University of California, San Diego
Cash transfer studies in the developing world have found positive impacts on: income, assets, savings, borrowing, total expenditure, food expenditure, dietary diversity, school attendance, test scores, cognitive development, use of health facilities, labor force participation, child labor migration, domestic violence, women's empowerment, marriage, fertility, and use of contraception.
Recipients of basic income in Kenya increased their spending relative to control groups by 13.5%.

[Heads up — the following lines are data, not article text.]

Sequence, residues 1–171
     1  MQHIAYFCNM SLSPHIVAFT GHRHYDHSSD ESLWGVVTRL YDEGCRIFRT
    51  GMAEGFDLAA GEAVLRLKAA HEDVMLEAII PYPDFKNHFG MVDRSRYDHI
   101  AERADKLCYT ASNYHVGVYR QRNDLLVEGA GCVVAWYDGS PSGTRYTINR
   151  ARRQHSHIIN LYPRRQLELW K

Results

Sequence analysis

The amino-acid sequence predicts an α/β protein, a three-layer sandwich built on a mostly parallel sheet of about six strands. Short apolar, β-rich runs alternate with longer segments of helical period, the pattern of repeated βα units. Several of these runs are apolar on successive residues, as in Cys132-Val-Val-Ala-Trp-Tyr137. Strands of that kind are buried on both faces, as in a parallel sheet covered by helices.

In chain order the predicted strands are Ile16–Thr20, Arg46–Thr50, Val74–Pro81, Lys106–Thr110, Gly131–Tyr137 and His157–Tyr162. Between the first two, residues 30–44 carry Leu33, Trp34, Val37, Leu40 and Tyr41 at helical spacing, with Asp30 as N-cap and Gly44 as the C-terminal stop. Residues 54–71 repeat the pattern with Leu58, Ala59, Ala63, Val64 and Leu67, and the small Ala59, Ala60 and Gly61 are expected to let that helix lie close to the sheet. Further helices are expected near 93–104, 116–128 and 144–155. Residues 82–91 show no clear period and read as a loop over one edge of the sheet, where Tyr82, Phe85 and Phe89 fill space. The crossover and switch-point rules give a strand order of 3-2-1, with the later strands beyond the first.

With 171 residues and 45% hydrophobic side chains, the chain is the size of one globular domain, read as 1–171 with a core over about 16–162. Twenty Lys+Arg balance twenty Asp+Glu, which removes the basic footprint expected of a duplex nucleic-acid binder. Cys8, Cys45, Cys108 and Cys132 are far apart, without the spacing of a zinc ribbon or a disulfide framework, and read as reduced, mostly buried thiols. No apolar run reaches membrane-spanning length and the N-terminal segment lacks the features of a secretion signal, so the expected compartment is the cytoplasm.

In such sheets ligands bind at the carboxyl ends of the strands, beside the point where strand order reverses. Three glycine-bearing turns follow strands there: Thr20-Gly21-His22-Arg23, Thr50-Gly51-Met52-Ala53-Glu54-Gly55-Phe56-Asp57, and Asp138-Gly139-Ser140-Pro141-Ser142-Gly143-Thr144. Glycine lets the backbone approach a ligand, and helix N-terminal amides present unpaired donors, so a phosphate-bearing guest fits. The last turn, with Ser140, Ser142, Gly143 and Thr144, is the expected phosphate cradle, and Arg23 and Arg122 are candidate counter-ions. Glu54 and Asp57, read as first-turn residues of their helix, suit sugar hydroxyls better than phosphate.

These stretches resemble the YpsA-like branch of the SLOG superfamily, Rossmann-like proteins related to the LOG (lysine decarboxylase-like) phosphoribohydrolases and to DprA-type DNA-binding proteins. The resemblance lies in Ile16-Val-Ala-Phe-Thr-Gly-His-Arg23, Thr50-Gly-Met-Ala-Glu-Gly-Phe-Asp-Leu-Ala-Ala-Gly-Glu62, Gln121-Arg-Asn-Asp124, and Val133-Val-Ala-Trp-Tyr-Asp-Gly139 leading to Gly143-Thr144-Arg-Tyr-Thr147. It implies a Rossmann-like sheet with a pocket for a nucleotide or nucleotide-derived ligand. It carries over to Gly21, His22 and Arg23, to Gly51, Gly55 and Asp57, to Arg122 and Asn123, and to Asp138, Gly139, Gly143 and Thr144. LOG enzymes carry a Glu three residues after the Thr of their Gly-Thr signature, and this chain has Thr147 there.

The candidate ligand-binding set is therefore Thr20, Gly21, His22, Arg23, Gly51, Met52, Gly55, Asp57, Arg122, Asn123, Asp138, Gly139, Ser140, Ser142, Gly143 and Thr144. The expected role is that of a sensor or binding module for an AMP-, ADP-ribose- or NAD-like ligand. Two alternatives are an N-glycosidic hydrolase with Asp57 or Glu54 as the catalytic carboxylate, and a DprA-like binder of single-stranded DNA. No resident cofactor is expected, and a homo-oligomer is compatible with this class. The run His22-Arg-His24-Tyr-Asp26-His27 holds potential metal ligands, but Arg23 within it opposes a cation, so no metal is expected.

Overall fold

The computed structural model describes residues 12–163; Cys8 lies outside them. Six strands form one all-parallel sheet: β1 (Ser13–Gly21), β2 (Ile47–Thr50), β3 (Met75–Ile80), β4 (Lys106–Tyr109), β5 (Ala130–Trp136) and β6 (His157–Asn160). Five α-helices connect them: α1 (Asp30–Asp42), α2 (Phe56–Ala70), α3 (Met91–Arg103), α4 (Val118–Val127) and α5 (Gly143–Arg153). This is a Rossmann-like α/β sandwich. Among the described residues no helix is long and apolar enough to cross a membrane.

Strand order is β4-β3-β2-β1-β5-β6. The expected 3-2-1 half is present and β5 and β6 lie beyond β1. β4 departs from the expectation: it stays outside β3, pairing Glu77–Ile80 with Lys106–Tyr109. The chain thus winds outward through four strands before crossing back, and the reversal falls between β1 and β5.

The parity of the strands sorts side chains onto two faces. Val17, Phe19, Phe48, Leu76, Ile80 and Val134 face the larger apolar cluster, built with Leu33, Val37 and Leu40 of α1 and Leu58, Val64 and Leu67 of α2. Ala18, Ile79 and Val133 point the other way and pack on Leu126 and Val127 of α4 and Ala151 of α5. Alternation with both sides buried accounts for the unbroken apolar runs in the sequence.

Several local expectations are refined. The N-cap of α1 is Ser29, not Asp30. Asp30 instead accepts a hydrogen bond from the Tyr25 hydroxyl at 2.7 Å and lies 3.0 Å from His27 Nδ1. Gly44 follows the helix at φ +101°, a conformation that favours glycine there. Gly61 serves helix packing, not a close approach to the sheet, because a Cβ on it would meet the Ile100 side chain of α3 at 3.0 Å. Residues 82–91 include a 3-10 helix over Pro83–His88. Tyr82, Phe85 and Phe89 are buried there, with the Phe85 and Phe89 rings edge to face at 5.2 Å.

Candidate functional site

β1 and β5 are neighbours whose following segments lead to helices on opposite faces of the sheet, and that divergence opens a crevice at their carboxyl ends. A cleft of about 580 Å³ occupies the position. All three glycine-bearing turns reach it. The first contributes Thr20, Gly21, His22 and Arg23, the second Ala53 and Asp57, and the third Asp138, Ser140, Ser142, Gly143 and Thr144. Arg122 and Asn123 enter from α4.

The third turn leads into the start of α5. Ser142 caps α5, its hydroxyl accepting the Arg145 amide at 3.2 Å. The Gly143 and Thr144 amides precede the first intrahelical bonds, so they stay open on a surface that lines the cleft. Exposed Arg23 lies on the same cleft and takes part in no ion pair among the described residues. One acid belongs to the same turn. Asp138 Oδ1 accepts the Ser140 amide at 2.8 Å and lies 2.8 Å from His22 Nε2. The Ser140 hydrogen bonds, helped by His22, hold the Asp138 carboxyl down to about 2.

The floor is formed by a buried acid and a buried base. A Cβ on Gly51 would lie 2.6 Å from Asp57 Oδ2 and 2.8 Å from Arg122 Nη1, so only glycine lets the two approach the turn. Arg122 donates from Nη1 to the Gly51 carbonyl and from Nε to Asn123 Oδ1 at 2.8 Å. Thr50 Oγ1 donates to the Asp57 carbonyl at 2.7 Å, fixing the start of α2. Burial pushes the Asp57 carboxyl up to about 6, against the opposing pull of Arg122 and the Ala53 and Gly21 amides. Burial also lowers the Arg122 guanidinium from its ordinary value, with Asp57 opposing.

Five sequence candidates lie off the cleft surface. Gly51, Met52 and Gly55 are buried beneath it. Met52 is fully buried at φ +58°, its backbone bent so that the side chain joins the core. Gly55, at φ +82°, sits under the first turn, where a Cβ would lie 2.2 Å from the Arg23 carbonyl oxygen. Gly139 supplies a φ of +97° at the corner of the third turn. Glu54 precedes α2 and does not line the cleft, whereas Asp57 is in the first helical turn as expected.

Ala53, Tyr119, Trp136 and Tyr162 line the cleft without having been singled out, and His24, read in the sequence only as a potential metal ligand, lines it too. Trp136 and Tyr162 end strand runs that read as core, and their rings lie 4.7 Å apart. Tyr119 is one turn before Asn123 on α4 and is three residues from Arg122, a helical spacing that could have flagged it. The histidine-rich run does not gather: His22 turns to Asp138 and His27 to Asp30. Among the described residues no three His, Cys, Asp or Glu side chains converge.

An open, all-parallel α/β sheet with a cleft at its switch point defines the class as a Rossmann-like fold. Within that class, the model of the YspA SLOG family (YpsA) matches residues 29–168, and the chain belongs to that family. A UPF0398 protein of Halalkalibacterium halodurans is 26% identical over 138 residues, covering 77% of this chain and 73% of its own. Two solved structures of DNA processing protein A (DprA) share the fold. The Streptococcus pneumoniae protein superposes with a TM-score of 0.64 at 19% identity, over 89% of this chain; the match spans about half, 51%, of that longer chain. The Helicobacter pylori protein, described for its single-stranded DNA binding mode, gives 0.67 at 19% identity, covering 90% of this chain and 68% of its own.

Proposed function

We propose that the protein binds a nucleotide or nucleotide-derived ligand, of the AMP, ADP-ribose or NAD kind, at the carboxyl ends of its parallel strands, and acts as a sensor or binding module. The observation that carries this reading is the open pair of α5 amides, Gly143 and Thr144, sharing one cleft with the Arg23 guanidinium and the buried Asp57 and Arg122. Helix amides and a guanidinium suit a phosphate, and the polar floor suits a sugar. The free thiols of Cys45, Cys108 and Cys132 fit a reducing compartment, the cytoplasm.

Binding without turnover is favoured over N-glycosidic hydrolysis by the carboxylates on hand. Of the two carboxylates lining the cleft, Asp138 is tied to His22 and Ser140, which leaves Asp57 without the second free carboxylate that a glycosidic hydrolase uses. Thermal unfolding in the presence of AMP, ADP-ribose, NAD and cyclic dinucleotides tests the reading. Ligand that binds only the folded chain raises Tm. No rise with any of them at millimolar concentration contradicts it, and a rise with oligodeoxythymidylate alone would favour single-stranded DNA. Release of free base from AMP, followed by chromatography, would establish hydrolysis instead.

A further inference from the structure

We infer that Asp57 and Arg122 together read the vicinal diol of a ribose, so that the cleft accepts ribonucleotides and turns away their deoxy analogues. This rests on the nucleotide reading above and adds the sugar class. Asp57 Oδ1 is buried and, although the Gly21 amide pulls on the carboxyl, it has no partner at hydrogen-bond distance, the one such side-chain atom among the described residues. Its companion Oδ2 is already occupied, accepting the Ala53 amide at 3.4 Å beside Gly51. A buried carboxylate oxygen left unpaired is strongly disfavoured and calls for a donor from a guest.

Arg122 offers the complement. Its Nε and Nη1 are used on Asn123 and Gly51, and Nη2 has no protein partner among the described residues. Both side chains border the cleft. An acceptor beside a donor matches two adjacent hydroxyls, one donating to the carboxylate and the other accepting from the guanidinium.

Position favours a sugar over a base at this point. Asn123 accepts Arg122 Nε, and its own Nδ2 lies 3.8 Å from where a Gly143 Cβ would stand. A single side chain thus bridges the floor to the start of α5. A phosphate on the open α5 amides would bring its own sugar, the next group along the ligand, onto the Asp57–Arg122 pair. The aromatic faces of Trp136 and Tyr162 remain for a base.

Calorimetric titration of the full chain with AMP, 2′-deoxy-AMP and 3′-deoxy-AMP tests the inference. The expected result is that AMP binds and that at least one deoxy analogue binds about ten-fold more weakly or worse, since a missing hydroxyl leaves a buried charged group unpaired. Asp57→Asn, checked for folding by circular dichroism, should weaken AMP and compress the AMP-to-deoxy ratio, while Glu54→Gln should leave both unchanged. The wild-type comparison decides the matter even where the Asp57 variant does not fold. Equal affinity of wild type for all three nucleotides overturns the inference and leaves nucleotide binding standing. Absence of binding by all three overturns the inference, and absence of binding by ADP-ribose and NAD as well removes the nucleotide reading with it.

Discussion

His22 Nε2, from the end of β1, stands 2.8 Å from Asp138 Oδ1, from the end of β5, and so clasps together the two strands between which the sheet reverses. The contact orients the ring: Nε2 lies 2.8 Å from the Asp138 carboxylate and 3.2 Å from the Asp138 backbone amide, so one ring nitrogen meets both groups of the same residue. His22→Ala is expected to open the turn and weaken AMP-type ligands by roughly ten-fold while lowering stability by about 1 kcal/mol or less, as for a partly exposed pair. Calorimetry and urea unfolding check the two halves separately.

Cash transfers in low and middle income countries do not reduce labor supply.
Cash transfers increased economic activity (proxy for GDP at scale) in Kenya (via multiplier effects of 2.46 on expenditures and 2.73 on income).
General equilibrium effects of cash transfers: experimental evidence from Kenya
Universal Basic Income In the Developing World
Gross Domestic Product (GDP)